Senator Rev. Raphael Warnock (left) wrote on Twitter, “Honored to meet Eugene Goodman, a true American hero who put his life in harm’s way to help protect others.”
BY FRANK DROUZAS, Staff Writer
Donald Trump’s recent acquittal in the Senate impeachment trial should worry us all for many reasons –race relations in this country among them.
Even though the majority of senators voted to hold the former president accountable for inciting an insurrection that threatened not only human lives but the life of our very democracy itself, he was acquitted because too many of them were afraid to vote their conscience.
Before and after the election, Trump beat his drum loudly and incessantly, shouting and ALL-CAP tweeting false and baseless accusations of voter fraud occurring in cities throughout the country. But not just any cities, mind you. By singling out cities such as Detroit, Philadelphia, Milwaukee and Atlanta, it is no secret whom he was trying to blame.
Without even bothering to lower his voice to a whisper, Trump “implied” that urban Black people were responsible for stealing the election from honest, rural-dwelling white folks.
Even after the votes were in and Joe Biden had clearly won, Trump waved his arms and screamed about how he’d been wronged. What’s more, he made sure his base of bigots was hanging on to every tweeted word. When the courts ruled against him, and election officials refused to be swayed by his threats, and even his own vice president wanted no part of any shady interference with the electoral votes, he turned to what he saw as his last option: blowing up our democracy.
After gathering a mob in Washington and firing them up, he rolled this human powder keg down Pennsylvania Avenue toward the Capitol, lit the fuse from a safe distance away, and ran home to watch his handiwork on TV. We all saw the chaos, terror and violence that occurred next. We watched as the insurrectionists, foaming at the mouth and wielding makeshift weapons, overwhelmed Capitol law enforcement members and smashed their way in.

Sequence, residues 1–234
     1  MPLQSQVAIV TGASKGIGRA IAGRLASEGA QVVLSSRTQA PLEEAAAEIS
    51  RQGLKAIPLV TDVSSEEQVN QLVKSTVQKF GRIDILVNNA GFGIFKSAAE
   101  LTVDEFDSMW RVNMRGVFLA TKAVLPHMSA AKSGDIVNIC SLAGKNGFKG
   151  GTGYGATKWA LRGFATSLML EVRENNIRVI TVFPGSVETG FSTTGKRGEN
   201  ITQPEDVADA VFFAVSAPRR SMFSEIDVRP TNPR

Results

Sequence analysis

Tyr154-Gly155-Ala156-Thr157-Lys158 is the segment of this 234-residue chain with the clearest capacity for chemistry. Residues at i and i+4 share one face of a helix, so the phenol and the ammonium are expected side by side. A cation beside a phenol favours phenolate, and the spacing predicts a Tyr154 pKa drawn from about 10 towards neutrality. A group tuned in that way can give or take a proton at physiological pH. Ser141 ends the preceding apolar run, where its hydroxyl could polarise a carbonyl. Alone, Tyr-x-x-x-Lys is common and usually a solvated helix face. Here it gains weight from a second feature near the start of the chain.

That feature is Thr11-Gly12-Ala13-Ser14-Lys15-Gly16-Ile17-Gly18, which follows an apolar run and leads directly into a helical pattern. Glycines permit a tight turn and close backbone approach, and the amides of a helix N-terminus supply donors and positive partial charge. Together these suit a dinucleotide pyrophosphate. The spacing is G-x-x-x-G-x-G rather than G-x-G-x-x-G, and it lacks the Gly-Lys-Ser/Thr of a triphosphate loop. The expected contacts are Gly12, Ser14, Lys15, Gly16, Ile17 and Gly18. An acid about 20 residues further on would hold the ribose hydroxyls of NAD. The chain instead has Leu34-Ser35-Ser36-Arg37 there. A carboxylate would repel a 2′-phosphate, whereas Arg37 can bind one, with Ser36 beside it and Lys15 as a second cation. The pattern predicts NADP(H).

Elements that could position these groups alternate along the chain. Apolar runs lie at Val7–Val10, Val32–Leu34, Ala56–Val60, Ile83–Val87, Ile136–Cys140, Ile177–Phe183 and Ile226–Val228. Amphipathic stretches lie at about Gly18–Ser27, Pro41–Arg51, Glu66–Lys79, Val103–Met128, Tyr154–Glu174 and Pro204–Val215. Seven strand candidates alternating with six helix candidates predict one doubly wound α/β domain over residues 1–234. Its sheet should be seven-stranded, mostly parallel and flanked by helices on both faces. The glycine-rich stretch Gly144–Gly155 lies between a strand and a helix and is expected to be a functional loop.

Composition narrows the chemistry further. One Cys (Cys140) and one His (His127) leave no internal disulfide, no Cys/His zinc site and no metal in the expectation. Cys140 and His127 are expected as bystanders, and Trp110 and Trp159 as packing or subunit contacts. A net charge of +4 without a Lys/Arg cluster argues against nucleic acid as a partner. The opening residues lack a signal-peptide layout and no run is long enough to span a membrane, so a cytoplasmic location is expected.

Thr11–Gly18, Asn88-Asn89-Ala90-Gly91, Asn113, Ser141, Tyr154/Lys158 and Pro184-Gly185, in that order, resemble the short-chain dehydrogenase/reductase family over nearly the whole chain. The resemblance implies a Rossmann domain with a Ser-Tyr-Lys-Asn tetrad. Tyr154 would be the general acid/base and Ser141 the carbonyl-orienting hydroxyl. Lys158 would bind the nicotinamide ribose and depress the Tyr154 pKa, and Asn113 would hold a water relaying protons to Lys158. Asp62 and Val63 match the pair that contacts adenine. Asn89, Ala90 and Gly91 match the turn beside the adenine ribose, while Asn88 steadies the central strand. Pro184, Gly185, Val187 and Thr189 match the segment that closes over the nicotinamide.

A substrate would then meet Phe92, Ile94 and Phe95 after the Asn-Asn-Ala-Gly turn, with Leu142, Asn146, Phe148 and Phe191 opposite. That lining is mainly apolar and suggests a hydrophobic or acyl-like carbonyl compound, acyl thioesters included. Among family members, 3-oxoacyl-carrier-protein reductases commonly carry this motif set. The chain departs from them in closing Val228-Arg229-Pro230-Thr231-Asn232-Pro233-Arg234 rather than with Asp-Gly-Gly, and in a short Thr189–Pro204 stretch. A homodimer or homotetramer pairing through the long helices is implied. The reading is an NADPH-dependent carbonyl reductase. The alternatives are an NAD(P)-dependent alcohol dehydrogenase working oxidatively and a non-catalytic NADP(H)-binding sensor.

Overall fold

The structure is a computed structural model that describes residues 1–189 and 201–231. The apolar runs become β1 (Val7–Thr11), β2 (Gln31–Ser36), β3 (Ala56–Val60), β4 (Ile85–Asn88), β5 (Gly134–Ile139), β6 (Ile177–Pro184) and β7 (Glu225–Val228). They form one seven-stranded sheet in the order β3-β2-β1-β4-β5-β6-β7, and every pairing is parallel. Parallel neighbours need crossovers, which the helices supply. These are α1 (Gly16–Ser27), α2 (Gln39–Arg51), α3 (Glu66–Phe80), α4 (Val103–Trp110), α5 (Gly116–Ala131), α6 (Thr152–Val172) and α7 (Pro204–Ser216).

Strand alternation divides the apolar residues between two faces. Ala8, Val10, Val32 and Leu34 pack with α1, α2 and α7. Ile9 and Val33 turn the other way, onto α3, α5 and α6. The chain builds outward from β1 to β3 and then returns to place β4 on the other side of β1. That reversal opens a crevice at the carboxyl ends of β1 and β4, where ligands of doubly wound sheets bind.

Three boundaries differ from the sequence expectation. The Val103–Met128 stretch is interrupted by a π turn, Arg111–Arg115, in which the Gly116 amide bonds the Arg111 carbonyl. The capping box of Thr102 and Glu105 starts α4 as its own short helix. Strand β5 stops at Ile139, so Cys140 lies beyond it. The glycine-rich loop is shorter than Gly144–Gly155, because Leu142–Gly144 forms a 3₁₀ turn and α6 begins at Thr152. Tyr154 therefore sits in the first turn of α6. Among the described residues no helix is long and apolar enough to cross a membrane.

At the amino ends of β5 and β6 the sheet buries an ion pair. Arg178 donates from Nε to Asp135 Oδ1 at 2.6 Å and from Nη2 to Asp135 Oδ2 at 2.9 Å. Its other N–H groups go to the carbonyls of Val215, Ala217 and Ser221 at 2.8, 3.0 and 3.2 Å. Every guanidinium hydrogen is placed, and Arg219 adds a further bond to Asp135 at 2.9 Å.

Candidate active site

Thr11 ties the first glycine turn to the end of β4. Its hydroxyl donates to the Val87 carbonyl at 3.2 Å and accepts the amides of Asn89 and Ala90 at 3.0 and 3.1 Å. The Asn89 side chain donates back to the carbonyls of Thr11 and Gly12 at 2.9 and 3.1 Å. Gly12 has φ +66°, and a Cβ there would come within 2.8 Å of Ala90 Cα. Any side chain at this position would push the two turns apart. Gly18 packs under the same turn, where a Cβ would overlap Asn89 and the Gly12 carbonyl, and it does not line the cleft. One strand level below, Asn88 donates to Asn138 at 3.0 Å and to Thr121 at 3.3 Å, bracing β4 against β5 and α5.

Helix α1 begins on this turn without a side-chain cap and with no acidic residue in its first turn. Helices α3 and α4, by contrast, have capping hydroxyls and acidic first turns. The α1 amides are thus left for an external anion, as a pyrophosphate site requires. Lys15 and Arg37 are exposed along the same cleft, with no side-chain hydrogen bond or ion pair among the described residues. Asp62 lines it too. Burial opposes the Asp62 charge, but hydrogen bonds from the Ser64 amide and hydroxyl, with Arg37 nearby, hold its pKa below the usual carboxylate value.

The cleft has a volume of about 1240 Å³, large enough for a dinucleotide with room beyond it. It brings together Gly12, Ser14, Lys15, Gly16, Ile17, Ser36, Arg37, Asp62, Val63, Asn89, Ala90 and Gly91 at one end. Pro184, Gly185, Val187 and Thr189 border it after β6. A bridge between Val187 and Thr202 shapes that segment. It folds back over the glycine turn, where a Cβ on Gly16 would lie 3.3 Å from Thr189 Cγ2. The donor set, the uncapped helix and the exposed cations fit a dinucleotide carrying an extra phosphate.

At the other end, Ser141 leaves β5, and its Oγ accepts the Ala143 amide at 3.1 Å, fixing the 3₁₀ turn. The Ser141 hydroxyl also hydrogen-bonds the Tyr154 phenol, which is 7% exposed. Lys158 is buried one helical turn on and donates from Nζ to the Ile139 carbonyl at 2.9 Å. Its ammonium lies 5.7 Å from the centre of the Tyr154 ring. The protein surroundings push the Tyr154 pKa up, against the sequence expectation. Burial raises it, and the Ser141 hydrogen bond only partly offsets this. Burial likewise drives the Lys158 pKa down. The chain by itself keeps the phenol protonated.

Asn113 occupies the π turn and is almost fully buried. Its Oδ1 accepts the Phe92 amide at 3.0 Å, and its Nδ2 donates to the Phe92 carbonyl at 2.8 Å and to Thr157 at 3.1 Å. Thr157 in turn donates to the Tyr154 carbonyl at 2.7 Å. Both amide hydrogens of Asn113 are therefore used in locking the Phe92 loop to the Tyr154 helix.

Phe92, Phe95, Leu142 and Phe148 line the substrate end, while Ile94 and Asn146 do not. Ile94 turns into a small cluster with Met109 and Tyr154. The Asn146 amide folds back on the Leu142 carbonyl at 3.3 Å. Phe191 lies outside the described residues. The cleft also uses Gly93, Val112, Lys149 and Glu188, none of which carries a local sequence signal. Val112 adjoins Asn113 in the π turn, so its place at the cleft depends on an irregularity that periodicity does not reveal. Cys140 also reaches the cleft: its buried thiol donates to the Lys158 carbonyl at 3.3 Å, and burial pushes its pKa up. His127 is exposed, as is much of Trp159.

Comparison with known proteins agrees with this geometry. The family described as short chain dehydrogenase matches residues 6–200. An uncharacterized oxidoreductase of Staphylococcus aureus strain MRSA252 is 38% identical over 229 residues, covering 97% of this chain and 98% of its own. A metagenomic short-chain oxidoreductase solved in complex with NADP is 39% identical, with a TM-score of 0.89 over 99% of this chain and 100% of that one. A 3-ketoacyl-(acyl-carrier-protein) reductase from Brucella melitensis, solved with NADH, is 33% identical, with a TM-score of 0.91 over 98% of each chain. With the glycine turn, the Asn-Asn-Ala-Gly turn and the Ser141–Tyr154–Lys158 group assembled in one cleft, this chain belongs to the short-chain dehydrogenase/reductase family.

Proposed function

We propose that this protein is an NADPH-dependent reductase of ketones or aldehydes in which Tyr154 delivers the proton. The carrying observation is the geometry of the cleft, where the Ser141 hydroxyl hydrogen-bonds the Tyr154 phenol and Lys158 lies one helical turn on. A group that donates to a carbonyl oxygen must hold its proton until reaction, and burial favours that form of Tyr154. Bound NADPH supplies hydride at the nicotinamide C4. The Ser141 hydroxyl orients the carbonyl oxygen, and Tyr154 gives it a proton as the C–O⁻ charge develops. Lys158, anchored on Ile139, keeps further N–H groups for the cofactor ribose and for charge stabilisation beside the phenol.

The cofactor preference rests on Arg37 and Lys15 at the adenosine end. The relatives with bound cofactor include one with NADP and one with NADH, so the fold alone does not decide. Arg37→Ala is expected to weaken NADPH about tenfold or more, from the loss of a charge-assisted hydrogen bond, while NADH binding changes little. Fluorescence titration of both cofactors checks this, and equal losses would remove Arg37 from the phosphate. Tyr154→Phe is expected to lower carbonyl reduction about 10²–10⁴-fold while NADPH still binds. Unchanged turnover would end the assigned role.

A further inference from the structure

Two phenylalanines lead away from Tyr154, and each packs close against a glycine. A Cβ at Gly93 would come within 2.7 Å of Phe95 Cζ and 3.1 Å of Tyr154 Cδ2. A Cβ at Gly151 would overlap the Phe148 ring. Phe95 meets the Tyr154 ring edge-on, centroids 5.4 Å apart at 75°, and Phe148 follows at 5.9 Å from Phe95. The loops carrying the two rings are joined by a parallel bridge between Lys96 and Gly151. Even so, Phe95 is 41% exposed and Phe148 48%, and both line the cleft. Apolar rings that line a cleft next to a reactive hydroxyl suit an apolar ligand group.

In putting their own lives on the line to protect others, some Black officers said afterward that they were beaten and called “n—–” multiple times by members of the mostly white insurrectionists.
In one of the many images from that terrible day, Black officer Eugene Goodman single-handedly held off the mob in a stairwell, even directing them away from fleeing lawmakers. During a pause in the impeachment trial, Goodman was honored as members of both parties gave him a standing ovation and voted to unanimously to award him a Congressional Gold Medal for his heroics. Then they resumed the short trial that would end in an acquittal for the man responsible for the deadly insurrection.
I can only wonder what Goodman and his fellow officers must have thought about that result. These contradictory actions were akin to hugging the man who saved your life from a bloodthirsty mob then spinning around and shaking hands with the man who SENT THAT VERY MOB to get you and saying, “Even if you did direct a battalion of Confederate flag-waving nut jobs to come after us, don’t worry, I’ve got your back.”